5 financial planning essentials for the Covid-19 crisis

By Lelane Bezuidenhout Time of article published Apr 8, 2020

Share this article:

RAND AND SENSE 

The world has been in a state of upheaval since the outbreak of the novel coronavirus, causing unprecedented market volatility and panic-buying among consumers.

Despite our intelligence and past learnings, it’s challenging to maintain composure and make rational decisions during such a crisis. Here are five financial planning essentials to guide you through this period.

1. Stay calm when the bear growls

When stock markets fall, it’s natural to want to sell your shares and invest in less risky assets, such as cash and bonds, in an attempt to avoid further loss. To do this, however, is to lock in a loss forever. If your share portfolio falls by 20% – a normal occurrence in the course of investment cycles – and you sell, the loss becomes permanent, as opposed to a “paper loss”.

Another critical point is that if your investment drops in value and you sell, you need to achieve a higher return to get back to the initial value. For example, if your investment drops from R1 million to R800 000 and you sell, you must achieve a 25% return to get back to your original value of R1m.

The situation we’re in now is a similar black swan event to the market crash that followed the 9/11 terrorist attacks in 2001 – it might even be worse. Still, the tide will turn. Nobody knows when, even the smartest analysts, but if you sell out of the market, you will miss out when the bull starts to run again. When it does, it’s unpredictable and fast, and you can’t afford to be disinvested during the best-performing days.

2. Protect your emergency funds

This is crucial. Don’t dip into your emergency funds to stockpile groceries. The food supply chain is not in danger at the time of writing this article. If you stockpile, you’re putting others at risk of going without, and yourself at risk of not having funds for your own emergencies. Emergency funds should be reserved for the loss of income because of redundancy and potential medical expenses.

Similarly, don’t stockpile using credit. You may be given some grace on the interest repayments, but the principal debt follows you.

3. Check your insurance

Many of us avoid reading our insurance policies. We’re human, naturally optimistic, and we believe that things won’t ever go wrong. This is the time to knuckle down and get to grips with the fine print.

You need to know what expenses your medical scheme will cover if you become unwell. That said, most medical schemes won’t be able to increase your cover now. You need to reassess and prioritise increased medical cover at the end of the year when you’re allowed to make a change.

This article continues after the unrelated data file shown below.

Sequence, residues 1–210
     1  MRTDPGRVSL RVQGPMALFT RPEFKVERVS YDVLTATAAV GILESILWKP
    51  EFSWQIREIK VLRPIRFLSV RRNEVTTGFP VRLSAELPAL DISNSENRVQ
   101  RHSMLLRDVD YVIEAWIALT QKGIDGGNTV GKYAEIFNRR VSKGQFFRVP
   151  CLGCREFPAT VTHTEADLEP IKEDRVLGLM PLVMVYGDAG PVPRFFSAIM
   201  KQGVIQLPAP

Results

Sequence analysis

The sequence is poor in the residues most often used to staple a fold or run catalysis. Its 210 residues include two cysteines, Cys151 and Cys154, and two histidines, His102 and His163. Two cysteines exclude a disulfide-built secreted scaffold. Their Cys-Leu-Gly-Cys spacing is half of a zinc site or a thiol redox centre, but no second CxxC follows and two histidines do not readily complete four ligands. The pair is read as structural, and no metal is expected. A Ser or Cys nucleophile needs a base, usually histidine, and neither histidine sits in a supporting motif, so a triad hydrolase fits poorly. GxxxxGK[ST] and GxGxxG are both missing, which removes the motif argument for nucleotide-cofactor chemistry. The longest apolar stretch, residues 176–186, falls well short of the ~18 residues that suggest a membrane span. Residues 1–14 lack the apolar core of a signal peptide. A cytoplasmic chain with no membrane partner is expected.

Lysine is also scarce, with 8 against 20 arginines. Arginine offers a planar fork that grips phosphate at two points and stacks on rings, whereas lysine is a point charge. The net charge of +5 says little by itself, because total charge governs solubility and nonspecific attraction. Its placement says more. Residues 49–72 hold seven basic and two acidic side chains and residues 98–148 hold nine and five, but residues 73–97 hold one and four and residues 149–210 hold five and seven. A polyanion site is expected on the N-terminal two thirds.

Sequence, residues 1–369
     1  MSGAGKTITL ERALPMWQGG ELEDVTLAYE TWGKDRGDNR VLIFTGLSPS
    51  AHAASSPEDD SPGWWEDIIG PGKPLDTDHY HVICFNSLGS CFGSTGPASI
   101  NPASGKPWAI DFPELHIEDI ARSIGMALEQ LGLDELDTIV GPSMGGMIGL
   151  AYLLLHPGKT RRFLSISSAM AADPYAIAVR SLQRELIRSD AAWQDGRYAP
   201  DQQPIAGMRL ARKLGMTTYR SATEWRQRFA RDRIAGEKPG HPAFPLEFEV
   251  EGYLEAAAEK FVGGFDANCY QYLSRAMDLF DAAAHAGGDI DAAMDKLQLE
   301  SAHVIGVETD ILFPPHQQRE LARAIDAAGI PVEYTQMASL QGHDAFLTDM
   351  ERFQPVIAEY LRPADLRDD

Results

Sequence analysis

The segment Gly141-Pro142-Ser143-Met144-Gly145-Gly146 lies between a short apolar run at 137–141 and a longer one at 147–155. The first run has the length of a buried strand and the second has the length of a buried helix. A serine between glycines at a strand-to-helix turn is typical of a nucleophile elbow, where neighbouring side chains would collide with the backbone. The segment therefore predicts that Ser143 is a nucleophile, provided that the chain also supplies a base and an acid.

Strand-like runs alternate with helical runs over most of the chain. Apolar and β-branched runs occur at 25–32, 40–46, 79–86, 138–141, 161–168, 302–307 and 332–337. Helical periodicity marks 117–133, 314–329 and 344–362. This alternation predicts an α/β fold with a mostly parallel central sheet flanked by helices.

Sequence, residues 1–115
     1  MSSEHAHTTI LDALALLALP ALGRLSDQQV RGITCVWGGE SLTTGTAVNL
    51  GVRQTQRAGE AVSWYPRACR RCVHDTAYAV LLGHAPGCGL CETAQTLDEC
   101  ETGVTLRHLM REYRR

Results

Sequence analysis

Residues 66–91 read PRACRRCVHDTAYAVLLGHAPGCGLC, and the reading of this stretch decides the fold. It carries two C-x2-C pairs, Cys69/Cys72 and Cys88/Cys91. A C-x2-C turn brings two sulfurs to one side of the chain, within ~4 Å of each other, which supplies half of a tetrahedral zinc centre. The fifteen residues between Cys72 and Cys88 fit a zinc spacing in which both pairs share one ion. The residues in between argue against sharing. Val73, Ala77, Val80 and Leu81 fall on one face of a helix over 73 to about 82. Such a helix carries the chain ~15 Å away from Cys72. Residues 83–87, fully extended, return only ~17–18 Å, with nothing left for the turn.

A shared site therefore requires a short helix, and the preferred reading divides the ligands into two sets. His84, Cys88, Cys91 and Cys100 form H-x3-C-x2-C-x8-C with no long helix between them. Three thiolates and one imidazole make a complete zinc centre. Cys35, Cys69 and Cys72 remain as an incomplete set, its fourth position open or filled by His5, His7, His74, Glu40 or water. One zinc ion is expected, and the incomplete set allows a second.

It’s also important to check your life cover policy. Covid-19 is a real threat, and you can’t hide from the fact that your life may be in danger. Make sure your beneficiary nominations are appropriate and that your family will be protected in the event of your passing.

If you have an income-continuation benefit on your policy, it’s important to find out if it will pay out if you fall ill and you’re unable to work – a real threat to many. You also need to be aware that income continuation doesn’t pay out if you’re made redundant.

4. Update your last will and testament

It’s estimated that 40% to 60% of South Africans will get the virus. Even though the recovery rate from Covid-19 is high, it’s still a good time to check your last will and testament, or to write a will if you haven’t yet done so.

A last will and testament is one of the few documents that is required in writing. If you don’t have a will and you pass away, you’ll die “intestate”, which means that the state will prescribe the manner in which your assets will be distributed to your family. This might not be in accordance with your wishes.

Writing a will also prompts you to consider critical decisions, such as who to nominate as guardians of your children. Your will can also include an instruction for the creation of a special trust to manage funds for your children – and who the trustees should be. If you don’t do this, any money set aside for your children will go to the government-run Guardian’s Fund, and you will have no say as to how that money is invested.

5. Contact your financial adviser

Now, more than ever, we all need someone to help us make rational financial decisions. Schedule an online meeting with your financial adviser to discuss how the crisis affects your financial plan, and whether there’s a need to make any changes. If you don’t have an adviser, find one using the Financial Planning Institute’s find-an-adviser function at www.letsplan.co.za

Reasons to be hopeful

This is all pretty heavy stuff, but there are reasons to feel hopeful, or at least a little less anxious about the situation. Families and friends who haven’t spoken in years are reconnecting online, people in Italy have been singing patriotic songs from their balconies, cities are finally showing appreciation for overworked and underpaid health care workers, and pollution levels all over the world have plummeted.

Lelane Bezuidenhout is the chief executive of the Financial Planning Institute of Southern Africa.

PERSONAL FINANCE 

Share this article: